Following another failed presidential bid in 1908, Bryan was named Woodrow Wilson's Secretary of State in 1913. He resigned from that post, however, in 1915 to devote himself full-time to the cause of American neutrality during World War I. In 1925, Bryan led the prosecution of John T. Scopes, a young biology teacher charged with breaking Tennessee law by teaching Darwin's theory of evolution. Squaring off against noted defense attorney Clarence Darrow, Bryan attempted in vain to defend his literal interpretation of the bible under Darrow's wilting cross examination. Humiliated and weakened by the stress of the trial, Bryan died one week after its conclusion.
Admiral George Dewey
In 1900 much of America was caught up in what might be termed Dewey Delirium. For the first time since the Civil War, Americans had set their sights upon a war hero whose allegiance was to the entire nation, not just the North or South. George Dewey, a commodore at the time, slipped into Manila Bay in the Philippines on the night of April 30, 1898 and quietly plotted to destroy the once-formidable Spanish Pacific fleet. Just 4 days earlier, the US had declared war on Spain in response to events in Cuba. Caught unawares, the Spanish fleet in Manila was destroyed a mere two hours after Dewey issued his famous order, "You may fire when ready, Gridley." Millions were on hand in New York harbor to greet Dewey upon his triumphant return to the States. Congress bestowed upon him the special rank of admiral of the navy. Other honors followed, including the naming of a chewing gum, Dewey's Chewies, after him. He also enjoyed the dubious distinction of providing the inspiration for a laxative: The Salt of Salts.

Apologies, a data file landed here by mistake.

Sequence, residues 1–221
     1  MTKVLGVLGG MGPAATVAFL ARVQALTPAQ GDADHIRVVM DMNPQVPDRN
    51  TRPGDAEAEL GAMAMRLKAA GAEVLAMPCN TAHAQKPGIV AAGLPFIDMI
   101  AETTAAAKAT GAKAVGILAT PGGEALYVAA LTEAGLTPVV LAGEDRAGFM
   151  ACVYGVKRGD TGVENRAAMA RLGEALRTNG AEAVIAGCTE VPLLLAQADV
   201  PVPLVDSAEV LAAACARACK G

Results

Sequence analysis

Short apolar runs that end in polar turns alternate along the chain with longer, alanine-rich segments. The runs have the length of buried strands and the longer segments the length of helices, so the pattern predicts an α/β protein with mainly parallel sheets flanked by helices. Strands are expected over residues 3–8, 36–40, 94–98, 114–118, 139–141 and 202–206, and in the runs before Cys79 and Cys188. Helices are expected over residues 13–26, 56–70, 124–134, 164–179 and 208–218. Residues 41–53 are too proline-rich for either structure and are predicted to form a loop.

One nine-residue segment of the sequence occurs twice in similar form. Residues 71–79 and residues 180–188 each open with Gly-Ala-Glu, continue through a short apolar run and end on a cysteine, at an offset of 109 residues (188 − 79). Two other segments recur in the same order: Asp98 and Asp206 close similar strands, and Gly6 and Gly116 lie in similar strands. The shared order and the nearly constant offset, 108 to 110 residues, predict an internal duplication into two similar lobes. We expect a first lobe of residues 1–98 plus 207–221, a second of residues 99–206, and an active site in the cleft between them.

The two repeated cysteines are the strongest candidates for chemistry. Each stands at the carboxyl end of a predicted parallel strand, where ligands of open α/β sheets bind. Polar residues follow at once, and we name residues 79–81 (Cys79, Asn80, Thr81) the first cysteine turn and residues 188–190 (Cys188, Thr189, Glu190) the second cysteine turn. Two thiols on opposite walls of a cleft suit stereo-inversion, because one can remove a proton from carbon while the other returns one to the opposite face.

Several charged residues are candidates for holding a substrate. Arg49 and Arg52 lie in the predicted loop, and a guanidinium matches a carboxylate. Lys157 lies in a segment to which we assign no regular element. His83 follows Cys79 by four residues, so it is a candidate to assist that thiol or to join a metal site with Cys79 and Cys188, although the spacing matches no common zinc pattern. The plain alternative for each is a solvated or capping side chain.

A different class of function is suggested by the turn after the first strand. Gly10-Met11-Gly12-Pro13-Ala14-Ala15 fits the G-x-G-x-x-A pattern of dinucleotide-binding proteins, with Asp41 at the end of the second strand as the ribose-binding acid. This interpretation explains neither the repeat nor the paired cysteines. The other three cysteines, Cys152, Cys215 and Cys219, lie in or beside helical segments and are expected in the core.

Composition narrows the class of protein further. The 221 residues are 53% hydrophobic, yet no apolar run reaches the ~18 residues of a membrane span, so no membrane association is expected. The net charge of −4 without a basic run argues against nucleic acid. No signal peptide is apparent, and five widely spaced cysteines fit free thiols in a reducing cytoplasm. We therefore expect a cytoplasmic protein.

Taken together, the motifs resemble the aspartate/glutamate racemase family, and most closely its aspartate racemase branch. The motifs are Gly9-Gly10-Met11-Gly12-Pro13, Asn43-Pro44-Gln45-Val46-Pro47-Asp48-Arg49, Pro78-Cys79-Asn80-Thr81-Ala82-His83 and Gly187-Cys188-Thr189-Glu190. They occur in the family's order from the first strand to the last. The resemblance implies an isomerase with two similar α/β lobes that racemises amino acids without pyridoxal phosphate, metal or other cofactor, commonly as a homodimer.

Such adulation prompted Dewey to consider politics. Though he lacked any party affiliation and had never himself voted, in March 1900 Dewey let it be known that he was making himself available to the American people as a presidential candidate. "If the American people want me for this high office, I shall be only too willing to serve them," he declared. He went on to point out that "since studying this subject I am convinced that the office of the President is not such a very difficult one to fill..." The Admiral's lack of command of the issues of the day caused few to take him seriously. One reporter wrote, "A great sailor should have a better chart in a strange sea." Failing to secure any serious backing for his presidential bid, Dewey served out his days as the head of the General Board of the Navy Department.
President McKinley and American Expansion